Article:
We are actors of changes, and we are therefore delighted with the result of the Nobel Prize award. We find here a very strong encouragement to maintain this collaborative process on a common objective. We are front runners to claim that private investment includes environmental protection even if restricted budgets are allocated to hospitals. Our responsibility is to accept this challenge and to succeed. The theory in Economic science is more interesting when applied in our everyday life action. The reinforcement of motivation is then strengthened by the application of a positive action recommended by international experts. We are concerned by economics questions, and we are proud to favor applications respecting both the people and the planet.
Quality and relevance of care, a key issue for the private hospital sector... and for patients.
Quality and relevance of care are one of the cornerstones of the Health System Transformation Strategy (STSS) introduced by the French Health Minister Agnès Buzyn.
Private hospitals have long recognized and promoted these concepts. Putting them at the heart of the organization of our system constitutes a genuine paradigm shift and an opportunity to seize.
It is a question of breaking free of an accounting approach to health, disconnected from the field, to better integrate the evolution of the patients ‘needs and the new expectations of health professionals.
The final goal is both simple and fundamental: to enable everyone not just to have access to care but access to relevant care of proven quality.
Quality of care is a key issue which cannot be reduced to a stack of medico-administrative procedures and rules. What is important is the time and energy that teams devote to the patient. It is therefore necessary to take medical quality into account remaining as closely as possible to reality, and to grasp with finesse what constitutes the "value" of a treatment, resulting from a balance between its therapeutic benefit and its human and financial cost.
Only evaluation by "peers", ie specialists in each medical discipline, according to benchmarks developed with all stakeholders, enables the quality of medical practices to be assessed. It is a philosophy of action that the French Federation of Private Hospitals supports and argues with the Ministry and Health Agencies, because it is based on the acknowledgement of the value of skills.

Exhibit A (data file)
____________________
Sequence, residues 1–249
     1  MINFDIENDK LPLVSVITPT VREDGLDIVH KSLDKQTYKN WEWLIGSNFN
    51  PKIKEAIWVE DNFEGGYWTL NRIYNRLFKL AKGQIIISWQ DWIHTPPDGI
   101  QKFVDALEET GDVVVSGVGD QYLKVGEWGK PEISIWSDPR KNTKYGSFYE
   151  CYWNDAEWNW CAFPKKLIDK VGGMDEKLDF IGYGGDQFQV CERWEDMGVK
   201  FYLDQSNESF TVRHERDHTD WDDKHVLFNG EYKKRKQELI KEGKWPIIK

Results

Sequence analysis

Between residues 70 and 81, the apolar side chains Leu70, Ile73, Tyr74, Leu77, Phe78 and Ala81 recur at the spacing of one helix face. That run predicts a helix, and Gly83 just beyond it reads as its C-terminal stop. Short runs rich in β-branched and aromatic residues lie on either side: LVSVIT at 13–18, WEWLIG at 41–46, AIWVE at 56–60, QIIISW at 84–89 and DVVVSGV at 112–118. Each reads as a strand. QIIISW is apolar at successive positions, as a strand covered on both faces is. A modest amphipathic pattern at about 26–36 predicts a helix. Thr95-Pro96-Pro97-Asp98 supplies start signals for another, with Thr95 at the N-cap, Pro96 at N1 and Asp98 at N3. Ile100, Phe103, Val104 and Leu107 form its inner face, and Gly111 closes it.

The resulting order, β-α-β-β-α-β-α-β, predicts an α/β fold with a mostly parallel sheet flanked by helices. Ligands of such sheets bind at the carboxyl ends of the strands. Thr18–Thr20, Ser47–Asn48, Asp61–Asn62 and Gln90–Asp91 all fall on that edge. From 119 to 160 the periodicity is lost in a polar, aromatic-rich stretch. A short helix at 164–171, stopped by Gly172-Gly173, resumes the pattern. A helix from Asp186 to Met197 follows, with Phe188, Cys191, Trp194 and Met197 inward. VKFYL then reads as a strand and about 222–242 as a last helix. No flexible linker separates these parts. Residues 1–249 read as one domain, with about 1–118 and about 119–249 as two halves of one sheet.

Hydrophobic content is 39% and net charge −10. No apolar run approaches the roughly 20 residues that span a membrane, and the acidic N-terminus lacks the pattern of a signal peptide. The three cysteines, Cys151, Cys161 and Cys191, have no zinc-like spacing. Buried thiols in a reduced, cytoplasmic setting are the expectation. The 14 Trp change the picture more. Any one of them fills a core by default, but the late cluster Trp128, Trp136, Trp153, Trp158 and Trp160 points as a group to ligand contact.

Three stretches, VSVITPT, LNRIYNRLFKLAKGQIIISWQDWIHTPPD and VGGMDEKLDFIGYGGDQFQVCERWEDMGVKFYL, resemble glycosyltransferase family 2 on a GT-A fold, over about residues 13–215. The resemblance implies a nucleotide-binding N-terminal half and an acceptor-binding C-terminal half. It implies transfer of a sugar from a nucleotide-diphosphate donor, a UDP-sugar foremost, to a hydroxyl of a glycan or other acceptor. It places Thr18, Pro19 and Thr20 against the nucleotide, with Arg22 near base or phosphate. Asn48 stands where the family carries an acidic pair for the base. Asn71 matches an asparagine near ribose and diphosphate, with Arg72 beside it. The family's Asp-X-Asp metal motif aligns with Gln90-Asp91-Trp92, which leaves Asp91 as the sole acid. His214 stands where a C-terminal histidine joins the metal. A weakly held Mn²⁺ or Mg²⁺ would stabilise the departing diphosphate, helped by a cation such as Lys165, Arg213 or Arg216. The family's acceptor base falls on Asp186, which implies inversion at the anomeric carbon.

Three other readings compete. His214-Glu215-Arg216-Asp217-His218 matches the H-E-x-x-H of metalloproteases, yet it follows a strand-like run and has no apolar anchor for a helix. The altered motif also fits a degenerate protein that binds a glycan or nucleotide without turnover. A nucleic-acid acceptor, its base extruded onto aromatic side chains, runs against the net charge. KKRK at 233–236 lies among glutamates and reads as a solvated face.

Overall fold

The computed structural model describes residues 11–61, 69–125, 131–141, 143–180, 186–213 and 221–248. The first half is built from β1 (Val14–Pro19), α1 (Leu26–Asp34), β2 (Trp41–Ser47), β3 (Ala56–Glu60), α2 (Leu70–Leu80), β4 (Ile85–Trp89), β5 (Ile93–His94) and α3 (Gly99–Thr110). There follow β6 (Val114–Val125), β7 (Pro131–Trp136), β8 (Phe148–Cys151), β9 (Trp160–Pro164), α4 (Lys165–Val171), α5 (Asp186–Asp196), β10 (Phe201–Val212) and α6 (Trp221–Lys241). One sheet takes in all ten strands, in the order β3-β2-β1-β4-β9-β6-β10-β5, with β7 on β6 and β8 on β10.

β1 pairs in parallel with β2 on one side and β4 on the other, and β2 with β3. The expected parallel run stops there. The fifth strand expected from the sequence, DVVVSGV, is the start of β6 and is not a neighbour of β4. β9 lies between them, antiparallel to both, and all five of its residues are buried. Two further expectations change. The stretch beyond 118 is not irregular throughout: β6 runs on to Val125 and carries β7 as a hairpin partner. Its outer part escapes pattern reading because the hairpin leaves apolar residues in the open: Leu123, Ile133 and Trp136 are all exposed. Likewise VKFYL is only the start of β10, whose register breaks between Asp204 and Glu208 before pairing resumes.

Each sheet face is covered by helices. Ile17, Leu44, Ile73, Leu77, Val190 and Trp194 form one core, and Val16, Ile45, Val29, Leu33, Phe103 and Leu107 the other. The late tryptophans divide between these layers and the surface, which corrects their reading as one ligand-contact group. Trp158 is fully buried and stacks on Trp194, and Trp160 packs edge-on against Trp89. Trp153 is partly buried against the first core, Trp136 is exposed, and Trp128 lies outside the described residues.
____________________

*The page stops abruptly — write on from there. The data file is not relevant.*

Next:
The patient experience is also something that the private hospital sector needs to integrate more into its approaches. Meeting the challenge of quality and relevance of care will only be possible with a patient who is both informed and responsible, co-builder of his care.
We appreciate that, in PLFSS 2019, the share allocated to quality financing increases substantially. But adding coercive measures is ineffective. It is important to keep the positive and encouraging nature of the approach, so that it acts as a real lever for improving practices and consideration for the professionals.
Continuously improving the quality of care is a powerful factor of motivation for professionals, but it is also, and perhaps above all, a question of finally making the service provided to the patient the foundation of all public action in health.
German hospitals in comparison
The PricewaterhouseCoopers (PwC) indicators 2018 on financial and performance of German hospitals have just been released. This report compares the ratios of public, non-profit and private health care providers each year. For the study, PwC evaluated key figures of 100 German hospitals for the year 2017.
German public hospitals are struggling with high maintenance rates, postponed modernization measures and are performing worse than non-profit and private hospitals in almost all financial metrics.
This is in short the conclusion of the study.
Private hospitals demonstrate efficiency
In average, personnel costs represented 60% of German hospital operating revenue, material costs 27%. Public hospitals scores are in average 8% higher than private hospitals.
Although private hospitals handle less ‟cases” per full-time employee in 2017, the Case-Mix-Index calculating the severity of ‟cases” treated in relation with the amount of economic resources engaged, shows that private hospitals work more efficiently.
The bed occupancy rate reached almost 78% in private hospitals for the year 2017, the best rate.
German private hospitals also achieve the best ranks in the financial analysis part, liquidity, investment rate, indebtedness, etc. and show the highest own capital investment capacity. The EBITDA ratio for private hospitals amounts 8% (public sector -6%).
Award Innovation Prize 2018
Three outstanding innovations by private clinics have been rewarded by the Austrian Private Hospitals Federation in the frame of its second Congress in October.
The first prize has been awarded to the Tyrolean private clinic Hochrum for its Surgical Skills Institute (SKI). SKI is a training and research facility, which will be used for advanced training for OR staff, the testing of new implants or instruments as well as research projects.
A video transmission system between the OR, laboratory and lecture halls has also been foreseen.
The second prize awarded the Ebody Ärzte App, an application developed by physicians from the private clinic Maria Hilf in Klagenfurt. This digital tool enables practitioners to access patients medical data, in a safe way and everywhere. Doctors not only keep track of treatment schedules, but also have access to findings and diagnosis.